Defusing the Democracy Defense: Scientists as Epistemic Representatives


Dan Hicks


April 5, 2024

I gave a talk at the Center for Dewey Studies in Carbondale on April 4. Slides are here, the recording is here, and the abstract is below.

For decades, traditional notions of objectivity and ideals of politically neutral, “value-free” science have been challenged by the history, philosophy, and social studies of science. For most scholars in these fields, science is unavoidably “shot through with values,” and value-laden decisions appear throughout the “nooks and crannies” of everyday scientific research. But some have pushed back, arguing that accepting value-ladenness would allow scientists to undemocratically impose their values on everyone else. This is the “democracy defense” of value-free science.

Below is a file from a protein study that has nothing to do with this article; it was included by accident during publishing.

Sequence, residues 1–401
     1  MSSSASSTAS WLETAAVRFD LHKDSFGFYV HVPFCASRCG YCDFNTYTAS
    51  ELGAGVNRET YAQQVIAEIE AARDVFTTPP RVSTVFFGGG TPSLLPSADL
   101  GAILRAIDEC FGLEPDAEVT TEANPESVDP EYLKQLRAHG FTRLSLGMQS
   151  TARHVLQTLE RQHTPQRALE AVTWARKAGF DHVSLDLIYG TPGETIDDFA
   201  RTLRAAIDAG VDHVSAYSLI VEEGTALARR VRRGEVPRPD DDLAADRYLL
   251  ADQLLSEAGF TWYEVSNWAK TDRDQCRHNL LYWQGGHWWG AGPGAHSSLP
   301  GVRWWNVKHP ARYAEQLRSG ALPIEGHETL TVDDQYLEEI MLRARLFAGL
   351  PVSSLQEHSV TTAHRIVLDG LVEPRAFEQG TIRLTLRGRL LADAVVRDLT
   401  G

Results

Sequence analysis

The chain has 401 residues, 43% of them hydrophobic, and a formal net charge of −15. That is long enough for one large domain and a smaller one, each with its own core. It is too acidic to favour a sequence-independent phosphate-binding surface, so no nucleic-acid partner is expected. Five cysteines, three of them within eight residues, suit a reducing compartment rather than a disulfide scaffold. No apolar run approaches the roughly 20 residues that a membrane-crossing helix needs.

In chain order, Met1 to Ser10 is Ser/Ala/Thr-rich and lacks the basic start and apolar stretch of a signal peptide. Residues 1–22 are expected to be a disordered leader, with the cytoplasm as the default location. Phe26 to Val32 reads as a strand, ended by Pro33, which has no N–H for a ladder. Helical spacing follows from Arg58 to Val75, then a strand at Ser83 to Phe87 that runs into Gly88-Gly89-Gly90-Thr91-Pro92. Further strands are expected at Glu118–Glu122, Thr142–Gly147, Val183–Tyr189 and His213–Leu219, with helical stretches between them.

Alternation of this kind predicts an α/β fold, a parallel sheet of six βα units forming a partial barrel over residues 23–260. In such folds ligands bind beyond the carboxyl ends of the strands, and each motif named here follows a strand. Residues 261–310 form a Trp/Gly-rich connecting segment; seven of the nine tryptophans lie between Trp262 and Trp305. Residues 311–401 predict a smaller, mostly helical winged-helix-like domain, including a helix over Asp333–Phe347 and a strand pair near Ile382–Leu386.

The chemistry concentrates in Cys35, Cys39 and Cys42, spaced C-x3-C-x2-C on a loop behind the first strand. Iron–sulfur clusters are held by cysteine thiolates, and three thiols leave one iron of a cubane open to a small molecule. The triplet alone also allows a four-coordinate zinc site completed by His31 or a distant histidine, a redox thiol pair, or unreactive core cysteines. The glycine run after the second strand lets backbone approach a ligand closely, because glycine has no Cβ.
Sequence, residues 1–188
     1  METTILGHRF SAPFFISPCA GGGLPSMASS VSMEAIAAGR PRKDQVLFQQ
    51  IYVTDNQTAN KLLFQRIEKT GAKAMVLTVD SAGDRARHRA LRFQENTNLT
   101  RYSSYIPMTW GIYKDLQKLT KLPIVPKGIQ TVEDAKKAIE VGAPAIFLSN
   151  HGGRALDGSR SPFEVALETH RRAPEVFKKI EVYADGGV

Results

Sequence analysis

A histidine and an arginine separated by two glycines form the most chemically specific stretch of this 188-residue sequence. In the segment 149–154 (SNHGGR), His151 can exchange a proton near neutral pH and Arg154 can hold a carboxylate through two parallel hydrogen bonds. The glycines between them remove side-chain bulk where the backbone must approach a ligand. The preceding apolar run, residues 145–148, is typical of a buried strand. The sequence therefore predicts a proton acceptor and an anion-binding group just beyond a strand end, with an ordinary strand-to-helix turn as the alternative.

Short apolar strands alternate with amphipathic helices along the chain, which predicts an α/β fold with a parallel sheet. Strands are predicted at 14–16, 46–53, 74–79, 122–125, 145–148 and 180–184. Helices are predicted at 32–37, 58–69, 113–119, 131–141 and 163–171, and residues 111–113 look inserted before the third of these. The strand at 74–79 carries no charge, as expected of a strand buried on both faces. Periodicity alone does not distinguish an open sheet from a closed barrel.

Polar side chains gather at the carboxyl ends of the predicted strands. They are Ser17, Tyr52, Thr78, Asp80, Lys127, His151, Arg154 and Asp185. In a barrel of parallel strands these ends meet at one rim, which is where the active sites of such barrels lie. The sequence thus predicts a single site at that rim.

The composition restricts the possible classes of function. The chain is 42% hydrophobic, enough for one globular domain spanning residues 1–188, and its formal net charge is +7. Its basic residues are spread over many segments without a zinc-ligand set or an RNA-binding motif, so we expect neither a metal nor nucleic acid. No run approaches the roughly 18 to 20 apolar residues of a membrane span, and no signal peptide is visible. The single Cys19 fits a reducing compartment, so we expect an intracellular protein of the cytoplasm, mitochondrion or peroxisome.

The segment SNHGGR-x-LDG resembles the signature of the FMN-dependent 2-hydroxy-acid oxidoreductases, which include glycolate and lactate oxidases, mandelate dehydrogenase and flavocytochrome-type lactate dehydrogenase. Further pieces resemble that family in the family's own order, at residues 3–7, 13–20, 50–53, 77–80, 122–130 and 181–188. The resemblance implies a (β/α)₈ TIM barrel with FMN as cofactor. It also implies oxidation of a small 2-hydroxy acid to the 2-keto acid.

One line of response to the democracy defense appeals to ideas of deliberative democracy, imagining increased public participation in science-based policymaking. But deliberative democratic approaches have difficulty reaching into the “nooks and crannies” of scientific research itself, where it would be impractical for scientists to consult with the public.

In this talk, I consider whether the theory of political representation might be useful for thinking about when and how the judgment of a select few can democratically represent the general public. In other words, can we think of scientists as epistemic representatives, more or less the way politicians serve as political representatives? I suggest that recent work in political theory, on informal representation and systems of democratic representation, are promising for such an approach.